At a time when antisemitism is at an all time high, and it seems like an easy way out is just to side with the mob (as cowardly groups like Jewish Voices for Peace and Independent Jewish Voices do), the Jewish community stands resolute. The whole world is on one side, and once again, we are on the other. Whether in the hallways at the UN, on campuses like Columbia or Harvard or Concordia or York, defending our Canadian synagogues, or standing up against the slew of hatred online, we are once again fighting the same old fight: us against the world.

Passover and Power

So what does all this have to do with Passover? Well, I find this holiday incredibly empowering, especially this year.

Thousands of years ago, an 80 year old man with a speech impediment, who had only just learned of his Hebrew ancestry, went up against the almighty Egyptian Pharaoh, and won. For 400 years, the Hebrews had languished as slaves in Egypt. Their numbers grew, despite the fact that each generation must have known that they were just giving birth to future slaves. However, though their lives were bitter and their backs were bent, they maintained their Hebrew identities. They refused to assimilate. Historians note that strangely, even after 400 years in Egypt, there is almost no Egyptian linguistic influence in the Hebrew language. That is astonishingly stubborn.

And it’s not like these were seasoned Jews either. According to the Biblical chronology, monotheistic Judaism was fairly new at that time! Abraham had Isaac who had Jacob who had Joseph who led the Hebrews in Egypt. A new Pharaoh took the throne “who knew not Joseph,” and he enslaved the Hebrews for 210 years. That’s it!

This was not the Judaism of today, with the writings and the commentary and the wizened witty rabbis and the jokes: this was a simple but revolutionary new movement, in which every single Hebrew believed that he was created in the image of God. Those Hebrews who became the generation of the Exodus, did not know if they would ever be led out of Egypt, let alone by a stuttering old shepherd. But they maintained their identities, with the unending belief that they would, one day, be redeemed.

My good friend Rabbi Isaac Choua recently shared a question once asked by our sages: “Is it appropriate to recite avadim hayinu (we were once slaves) during the Pesach seder, if there are still captives today?”

Can we say that we were slaves when we are still in captivity?

Well the answer to that, is yes, we can. Why? Well, as Rabbi Choua writes,

We have always celebrated Passover both during times of freedom and captivity. Doing so does not minimize the realities of current suffering, but underscores a core Jewish value: Hope.

Jews maintain hope; Pesach embodies hope in its purest form. Without discussing hope, we are confined to despair.

This approach isn’t about ignoring pain or injustice; it’s about affirming hope and perseverance as acts of “emuna” (faith) and as resistance against despair.

Even in the darkest times, there is a place for gratitude, for remembering past deliverances, and for looking forward with hope toward future redemption.

Oftentimes, the smallest things make us mighty. As Jewish history shows, it is not our feats of strength that make us a formidable people. It is what we believe, our willingness to be different, our motivations that push us from one day to the next, and how we treat others, that keeps us strong.

Rabbi Sacks described Abraham as the supreme example in all of history of influence without power. He was prepared to be different, and this is a mission that every subsequent Jew has taken on throughout all of history. People take notice, for better or for worse, when someone dares to be different, and what we are going through today is simply 2024’s iteration of our daring to be different.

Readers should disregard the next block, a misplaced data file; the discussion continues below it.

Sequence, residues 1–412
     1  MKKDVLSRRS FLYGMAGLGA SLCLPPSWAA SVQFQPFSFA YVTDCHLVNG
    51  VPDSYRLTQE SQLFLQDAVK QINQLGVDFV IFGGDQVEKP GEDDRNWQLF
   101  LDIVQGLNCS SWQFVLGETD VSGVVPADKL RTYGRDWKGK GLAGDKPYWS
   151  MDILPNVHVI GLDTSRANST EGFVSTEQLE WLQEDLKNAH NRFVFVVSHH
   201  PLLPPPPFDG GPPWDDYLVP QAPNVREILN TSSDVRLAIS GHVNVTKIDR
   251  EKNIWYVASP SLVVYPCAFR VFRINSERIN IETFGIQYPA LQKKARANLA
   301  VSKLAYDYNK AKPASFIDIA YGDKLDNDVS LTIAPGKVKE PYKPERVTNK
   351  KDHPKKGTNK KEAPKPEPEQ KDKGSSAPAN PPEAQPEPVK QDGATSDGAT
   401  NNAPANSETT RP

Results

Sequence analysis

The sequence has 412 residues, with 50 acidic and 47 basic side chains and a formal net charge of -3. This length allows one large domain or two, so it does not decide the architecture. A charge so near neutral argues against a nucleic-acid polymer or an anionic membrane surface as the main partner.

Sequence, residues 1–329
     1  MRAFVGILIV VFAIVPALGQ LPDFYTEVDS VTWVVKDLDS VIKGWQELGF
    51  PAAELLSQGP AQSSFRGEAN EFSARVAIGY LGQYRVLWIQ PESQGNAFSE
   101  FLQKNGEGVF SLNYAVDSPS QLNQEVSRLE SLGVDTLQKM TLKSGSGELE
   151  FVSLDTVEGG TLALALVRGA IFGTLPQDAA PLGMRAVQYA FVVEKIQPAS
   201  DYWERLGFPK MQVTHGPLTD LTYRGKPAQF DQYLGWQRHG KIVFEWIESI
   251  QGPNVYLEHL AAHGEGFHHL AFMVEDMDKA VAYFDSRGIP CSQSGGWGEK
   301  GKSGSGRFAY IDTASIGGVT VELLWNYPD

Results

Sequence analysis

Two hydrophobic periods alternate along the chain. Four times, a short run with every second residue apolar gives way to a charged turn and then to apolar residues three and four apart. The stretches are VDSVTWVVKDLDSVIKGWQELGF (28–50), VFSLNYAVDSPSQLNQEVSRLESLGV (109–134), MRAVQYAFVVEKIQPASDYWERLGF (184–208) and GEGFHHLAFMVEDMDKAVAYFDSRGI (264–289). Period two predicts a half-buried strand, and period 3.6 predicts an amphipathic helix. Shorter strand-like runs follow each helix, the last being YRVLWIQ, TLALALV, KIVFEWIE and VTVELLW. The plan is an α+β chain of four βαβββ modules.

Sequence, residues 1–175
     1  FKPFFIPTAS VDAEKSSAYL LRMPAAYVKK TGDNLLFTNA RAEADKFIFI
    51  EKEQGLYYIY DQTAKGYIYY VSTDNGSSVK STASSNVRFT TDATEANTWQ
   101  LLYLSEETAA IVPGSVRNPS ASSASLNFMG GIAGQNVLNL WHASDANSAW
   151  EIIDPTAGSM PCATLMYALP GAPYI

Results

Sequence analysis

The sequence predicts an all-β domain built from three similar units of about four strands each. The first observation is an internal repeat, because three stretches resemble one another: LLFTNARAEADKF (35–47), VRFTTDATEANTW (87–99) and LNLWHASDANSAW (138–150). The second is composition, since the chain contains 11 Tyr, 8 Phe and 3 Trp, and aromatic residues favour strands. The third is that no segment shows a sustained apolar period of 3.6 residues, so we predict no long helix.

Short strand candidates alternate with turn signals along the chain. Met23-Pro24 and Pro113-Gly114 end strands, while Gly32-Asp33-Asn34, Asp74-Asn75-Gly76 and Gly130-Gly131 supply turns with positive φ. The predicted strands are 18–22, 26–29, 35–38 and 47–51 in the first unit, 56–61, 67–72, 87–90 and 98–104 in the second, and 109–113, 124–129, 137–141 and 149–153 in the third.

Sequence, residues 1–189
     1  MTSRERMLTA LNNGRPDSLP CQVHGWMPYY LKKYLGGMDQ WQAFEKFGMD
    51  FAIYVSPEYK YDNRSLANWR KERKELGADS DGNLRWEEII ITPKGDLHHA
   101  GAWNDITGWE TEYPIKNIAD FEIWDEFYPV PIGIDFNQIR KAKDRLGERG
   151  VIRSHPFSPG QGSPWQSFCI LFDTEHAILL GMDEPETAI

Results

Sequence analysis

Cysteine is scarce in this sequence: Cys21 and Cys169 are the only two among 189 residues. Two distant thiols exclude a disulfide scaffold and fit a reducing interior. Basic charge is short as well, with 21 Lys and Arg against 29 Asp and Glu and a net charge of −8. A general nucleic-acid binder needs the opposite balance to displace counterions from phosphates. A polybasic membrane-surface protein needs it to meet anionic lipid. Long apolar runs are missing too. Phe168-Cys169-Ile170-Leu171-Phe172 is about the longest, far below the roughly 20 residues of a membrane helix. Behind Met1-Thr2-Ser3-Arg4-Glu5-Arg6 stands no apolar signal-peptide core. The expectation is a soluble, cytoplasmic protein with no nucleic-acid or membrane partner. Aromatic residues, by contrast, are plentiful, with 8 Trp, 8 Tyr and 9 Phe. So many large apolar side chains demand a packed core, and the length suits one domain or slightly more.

Been here before

When put into this context, I take comfort in what is going on today - let me explain. Now, I cannot fathom the experience of the hostages or their families. I cannot imagine that those with loved ones held captive in Gaza can read what I wrote above and feel that same hope, 200 days after their loved ones were taken from them. This is the heartache that echoes through Jewish history.

40 of our captives

But we have been here before. Jews went underground to observe the Passover seder during the Spanish Inquisition, the Holocaust, and the dark days of the Soviet Union. Unsure if they would ever emerge, able to once again practice their rituals in public, they kept the faith, asked the questions, and remembered how thousands of years ago, we - the same Jews with the same beliefs - went from slavery to freedom. And to them, this was not some no-name universal idea of freedom. It was freedom to go somewhere: Israel. To the Promised Land. Lihiyot am chofshi be’artzenu: to be a free people in our land.

This year, we celebrate just the same as in years past. In doing so, perhaps especially this year, we sustain our critique of power. Today, the mob appears to be perfectly fine with the idea of 100+ Jews held captive. They are fine acting in a way designed to intimidate us, breaking the windows of synagogues or shouting at fellow Jewish students at Columbia University in New York to “Go back to Poland!”

What these bullies who seek to wield power today however forget, is that each year, we celebrate a holiday that reminds us that our strength is not determined by their might. This is a rejuvenating reminder.

This Passover, as we gather with our families, recount the story of how we became a nation, and proclaim “Next Year in Jerusalem!” we refresh ourselves, hit reset, and remember what makes us unique. We don’t need an empire. We don’t seek converts. We don’t ask forgiveness from our enemies, nor do we want their approval. We don’t wallow in our sorrow, and we don’t accept battlefield losses. We don’t let others determine our fate.

We are the world’s foremost experts of dusting ourselves off, learning from our past, redoubling our efforts, and infuriating our critics when their barbs fail to stop us. It is a type of power that is ingrained in the Jewish people and the State of Israel.

In doing so, we exercise an unstoppable form of power. So, we celebrate this year, as we celebrated last year, as we will celebrate next year too, hopefully, with our brothers and sisters back at our side, speaking once again of how we once were captive, but now are free.

Chag sameach to all.

PS: At the Seder, after saying “Next Year in Jerusalem!,” we sang Hatikvah too.